DragonFly users List (threaded) for 2005-03
Re: How to teach OS
Zera William Holladay wrote:
Hi, I have a pedagogical question.
If you (a developer) were teaching a first level college course in
operating systems with the goal of (eventually) transforming each student
into a *BSD developer, then how would you teach the course?
Specifically, what programming assignments would you have? What material
would you cover?
When you took your first course in OSes, what was wrong with it? What
would you have taught yourself then?
I know these kinds of questions frequently pop-up on mailing lists (how do
I become a developer, etc??), but I'm asking these questions with the
intention of suggesting your ideas to my instructor so that I might be
able to do them as assignments (and get grades for them).
Thank you, Zera Holladay
Please define first what level op competence you expect of a *BSD
developer at the end of your course, somebody who can develop _on_ *BSD
or on and _for_ *BSD and in what language(s)?
What is the expected knowledge level of the students starting your
course? And how do you deal with students not having that minimal
I never followed any official programming courses, hell I never had the
chance to study but being an administrator on a high school and doing
sometimes replacement classes give me some basic insights on the
Some tips I've got from the pedagogical experts at my school.
Always try to teach in modules. How you make the modules dependence on
your pedagogical preference and on the opinion of you direct colleagues
if you have any.
But mostly a module taking about 60 minutes is the standard, max 20
minutes reading/studying text and 40+ minutes working it out (dependence
on the speed of student).
Try to excite the students before starting the module of what he can do
with the knowledge after he mastered the module.
Make a road map of module dependencies.
Create a test suite per module with about 60 multiple choice questions
testing every aspect of knowledge learned in that module, if you redo
the course another semester try to increase the multiple choice question
with again 30 question.
Don't make obviously wrong answers, try to create answers that at first
site seems all possible (of course only 1 should be correct).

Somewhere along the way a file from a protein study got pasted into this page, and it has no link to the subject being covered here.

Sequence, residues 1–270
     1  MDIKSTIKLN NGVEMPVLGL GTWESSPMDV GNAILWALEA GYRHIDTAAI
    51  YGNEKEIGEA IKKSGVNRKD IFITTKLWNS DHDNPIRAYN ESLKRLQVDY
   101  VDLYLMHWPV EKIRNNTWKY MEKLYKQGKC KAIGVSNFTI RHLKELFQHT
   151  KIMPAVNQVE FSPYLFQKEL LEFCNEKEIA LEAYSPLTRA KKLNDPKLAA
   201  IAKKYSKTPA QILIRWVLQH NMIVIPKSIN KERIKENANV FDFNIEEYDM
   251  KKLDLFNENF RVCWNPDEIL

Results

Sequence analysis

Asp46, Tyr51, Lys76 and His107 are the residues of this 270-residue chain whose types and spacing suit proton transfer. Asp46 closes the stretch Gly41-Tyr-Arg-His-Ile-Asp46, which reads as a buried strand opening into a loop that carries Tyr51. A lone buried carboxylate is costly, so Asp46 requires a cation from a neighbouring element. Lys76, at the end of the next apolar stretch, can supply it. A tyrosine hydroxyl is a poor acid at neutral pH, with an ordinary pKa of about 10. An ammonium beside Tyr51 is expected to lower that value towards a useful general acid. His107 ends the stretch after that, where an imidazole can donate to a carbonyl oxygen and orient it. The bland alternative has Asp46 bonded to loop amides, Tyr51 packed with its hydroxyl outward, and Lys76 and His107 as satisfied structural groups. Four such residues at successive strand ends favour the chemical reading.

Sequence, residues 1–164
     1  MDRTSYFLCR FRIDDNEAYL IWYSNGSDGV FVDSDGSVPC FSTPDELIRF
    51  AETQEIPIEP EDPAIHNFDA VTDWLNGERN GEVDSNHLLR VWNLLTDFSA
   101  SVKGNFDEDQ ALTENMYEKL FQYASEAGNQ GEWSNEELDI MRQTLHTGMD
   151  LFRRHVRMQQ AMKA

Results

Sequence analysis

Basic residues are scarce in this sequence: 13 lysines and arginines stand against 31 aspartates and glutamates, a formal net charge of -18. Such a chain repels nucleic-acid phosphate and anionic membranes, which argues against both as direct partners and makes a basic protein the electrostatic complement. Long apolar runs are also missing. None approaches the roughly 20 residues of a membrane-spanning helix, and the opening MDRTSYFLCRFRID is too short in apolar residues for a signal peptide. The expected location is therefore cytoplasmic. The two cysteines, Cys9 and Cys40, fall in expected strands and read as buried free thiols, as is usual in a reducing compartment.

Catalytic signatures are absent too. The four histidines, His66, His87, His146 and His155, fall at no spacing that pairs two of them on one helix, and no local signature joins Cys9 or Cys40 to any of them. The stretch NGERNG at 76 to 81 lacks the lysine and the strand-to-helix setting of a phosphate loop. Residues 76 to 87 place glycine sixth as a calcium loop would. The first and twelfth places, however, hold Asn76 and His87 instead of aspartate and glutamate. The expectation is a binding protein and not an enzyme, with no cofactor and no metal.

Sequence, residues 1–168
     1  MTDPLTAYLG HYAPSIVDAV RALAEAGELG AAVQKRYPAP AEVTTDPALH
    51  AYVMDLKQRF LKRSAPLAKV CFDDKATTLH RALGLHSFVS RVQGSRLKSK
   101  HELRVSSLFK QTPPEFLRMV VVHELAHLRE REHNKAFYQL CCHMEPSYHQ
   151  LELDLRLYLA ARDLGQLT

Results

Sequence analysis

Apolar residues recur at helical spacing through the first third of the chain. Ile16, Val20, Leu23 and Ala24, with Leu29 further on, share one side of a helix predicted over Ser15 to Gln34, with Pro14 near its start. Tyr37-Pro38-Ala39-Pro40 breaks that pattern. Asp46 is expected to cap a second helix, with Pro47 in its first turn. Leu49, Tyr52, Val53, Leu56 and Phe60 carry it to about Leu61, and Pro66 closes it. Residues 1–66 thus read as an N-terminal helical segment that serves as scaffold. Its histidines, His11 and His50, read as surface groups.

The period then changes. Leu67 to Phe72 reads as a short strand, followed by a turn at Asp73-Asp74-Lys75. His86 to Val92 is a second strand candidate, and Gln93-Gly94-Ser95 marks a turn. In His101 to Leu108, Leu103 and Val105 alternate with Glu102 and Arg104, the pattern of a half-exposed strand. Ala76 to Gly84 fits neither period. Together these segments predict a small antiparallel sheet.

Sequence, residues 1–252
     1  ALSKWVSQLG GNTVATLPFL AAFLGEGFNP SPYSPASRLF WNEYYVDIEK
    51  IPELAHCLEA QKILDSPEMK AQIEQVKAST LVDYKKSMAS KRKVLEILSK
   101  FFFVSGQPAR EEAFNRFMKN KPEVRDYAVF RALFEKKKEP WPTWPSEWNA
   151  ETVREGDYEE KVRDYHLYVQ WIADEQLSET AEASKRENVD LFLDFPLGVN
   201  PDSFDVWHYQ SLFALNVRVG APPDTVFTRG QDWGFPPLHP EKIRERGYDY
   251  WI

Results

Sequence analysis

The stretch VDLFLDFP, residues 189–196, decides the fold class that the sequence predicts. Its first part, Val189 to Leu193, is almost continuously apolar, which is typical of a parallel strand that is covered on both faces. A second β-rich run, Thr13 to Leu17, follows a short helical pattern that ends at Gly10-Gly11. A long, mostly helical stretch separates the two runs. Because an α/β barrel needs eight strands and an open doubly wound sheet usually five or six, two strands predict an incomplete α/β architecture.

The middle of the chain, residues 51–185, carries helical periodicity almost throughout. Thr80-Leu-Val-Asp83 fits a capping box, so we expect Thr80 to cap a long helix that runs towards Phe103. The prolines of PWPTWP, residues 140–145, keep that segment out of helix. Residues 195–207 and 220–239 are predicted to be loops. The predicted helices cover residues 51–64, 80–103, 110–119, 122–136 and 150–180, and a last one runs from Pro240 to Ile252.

Test the students with between 30 or 50 questions per module (randomly
choses of your 60+ questions).
You don't test the students over the entire course but if he mastered
that specific module so you must expect that about 90-95% to 100% of
the answers are correct, more then 10% wrong usually indicates that the
skill isn't mastered enough (or the explaining material wasn't good enough).
After 5 modules retest the student with about 100 questions, again
expect about 90-95% to 100% correctness rate (luckily enough multiple
choice test are excellent material to automate).
So how do you handle students trying to learn the multiple choice
answers and not the material? The trick is to create the questions that
way that if a student manages to learn all possible answers he has
enough knowledge to master that module anyway (that is its easier to
learn the stuff in the conventional way).
My personal experience, which I learned the hard way.
To create a good module it is required that the creator of the module
has superior knowledge of the required knowledge, it happens too often
that classes are given by teachers not knowing the material enough.
What happens is that the teacher is not capable enough to know if the
student has mastered the knowledge or even worse, the teacher can't see
if the student has learned it wrong. Nothing is more frustrating then
being taught by a nitwit who teaches factual wrong material.